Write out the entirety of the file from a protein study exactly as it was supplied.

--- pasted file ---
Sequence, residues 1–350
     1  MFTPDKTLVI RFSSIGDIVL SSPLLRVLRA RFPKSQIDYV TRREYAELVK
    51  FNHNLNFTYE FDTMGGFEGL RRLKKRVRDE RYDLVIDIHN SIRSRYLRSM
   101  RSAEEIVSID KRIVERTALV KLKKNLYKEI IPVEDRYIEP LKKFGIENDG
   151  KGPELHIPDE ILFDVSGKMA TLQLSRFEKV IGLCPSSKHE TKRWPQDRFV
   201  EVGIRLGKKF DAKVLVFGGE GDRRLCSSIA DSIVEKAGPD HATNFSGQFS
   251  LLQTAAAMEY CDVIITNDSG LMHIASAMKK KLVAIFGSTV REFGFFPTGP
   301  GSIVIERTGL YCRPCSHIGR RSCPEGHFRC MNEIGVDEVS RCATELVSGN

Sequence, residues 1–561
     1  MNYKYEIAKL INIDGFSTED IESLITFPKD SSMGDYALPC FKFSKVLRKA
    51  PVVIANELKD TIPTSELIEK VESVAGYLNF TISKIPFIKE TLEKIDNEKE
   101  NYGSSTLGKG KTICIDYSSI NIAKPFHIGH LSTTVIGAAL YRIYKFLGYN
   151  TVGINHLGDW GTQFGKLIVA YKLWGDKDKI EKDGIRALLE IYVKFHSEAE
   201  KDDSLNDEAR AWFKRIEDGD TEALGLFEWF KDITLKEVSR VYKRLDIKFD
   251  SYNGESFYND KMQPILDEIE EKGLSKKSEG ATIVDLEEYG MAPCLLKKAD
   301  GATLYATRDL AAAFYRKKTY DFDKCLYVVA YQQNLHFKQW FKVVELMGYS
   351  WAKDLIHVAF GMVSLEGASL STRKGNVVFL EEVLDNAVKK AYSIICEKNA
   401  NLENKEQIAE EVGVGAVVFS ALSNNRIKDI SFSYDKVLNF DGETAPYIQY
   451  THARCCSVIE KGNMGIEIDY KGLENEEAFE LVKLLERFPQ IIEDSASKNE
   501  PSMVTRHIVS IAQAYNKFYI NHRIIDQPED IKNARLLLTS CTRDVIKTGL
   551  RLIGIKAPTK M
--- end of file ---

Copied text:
Sequence, residues 1–350
     1  MFTPDKTLVI RFSSIGDIVL SSPLLRVLRA RFPKSQIDYV TRREYAELVK
    51  FNHNLNFTYE FDTMGGFEGL RRLKKRVRDE RYDLVIDIHN SIRSRYLRSM
   101  RSAEEIVSID KRIVERTALV KLKKNLYKEI IPVEDRYIEP LKKFGIENDG
   151  KGPELHIPDE ILFDVSGKMA TLQLSRFEKV IGLCPSSKHE TKRWPQDRFV
   201  EVGIRLGKKF DAKVLVFGGE GDRRLCSSIA DSIVEKAGPD HATNFSGQFS
   251  LLQTAAAMEY CDVIITNDSG LMHIASAMKK KLVAIFGSTV REFGFFPTGP
   301  GSIVIERTGL YCRPCSHIGR RSCPEGHFRC MNEIGVDEVS RCATELVSGN

Sequence, residues 1–561
     1  MNYKYEIAKL INIDGFSTED IESLITFPKD SSMGDYALPC FKFSKVLRKA
    51  PVVIANELKD TIPTSELIEK VESVAGYLNF TISKIPFIKE TLEKIDNEKE
   101  NYGSSTLGKG KTICIDYSSI NIAKPFHIGH LSTTVIGAAL YRIYKFLGYN
   151  TVGINHLGDW GTQFGKLIVA YKLWGDKDKI EKDGIRALLE IYVKFHSEAE
   201  KDDSLNDEAR AWFKRIEDGD TEALGLFEWF KDITLKEVSR VYKRLDIKFD
   251  SYNGESFYND KMQPILDEIE EKGLSKKSEG ATIVDLEEYG MAPCLLKKAD
   301  GATLYATRDL AAAFYRKKTY DFDKCLYVVA YQQNLHFKQW FKVVELMGYS
   351  WAKDLIHVAF GMVSLEGASL STRKGNVVFL EEVLDNAVKK AYSIICEKNA
   401  NLENKEQIAE EVGVGAVVFS ALSNNRIKDI SFSYDKVLNF DGETAPYIQY
   451  THARCCSVIE KGNMGIEIDY KGLENEEAFE LVKLLERFPQ IIEDSASKNE
   501  PSMVTRHIVS IAQAYNKFYI NHRIIDQPED IKNARLLLTS CTRDVIKTGL
   551  RLIGIKAPTK M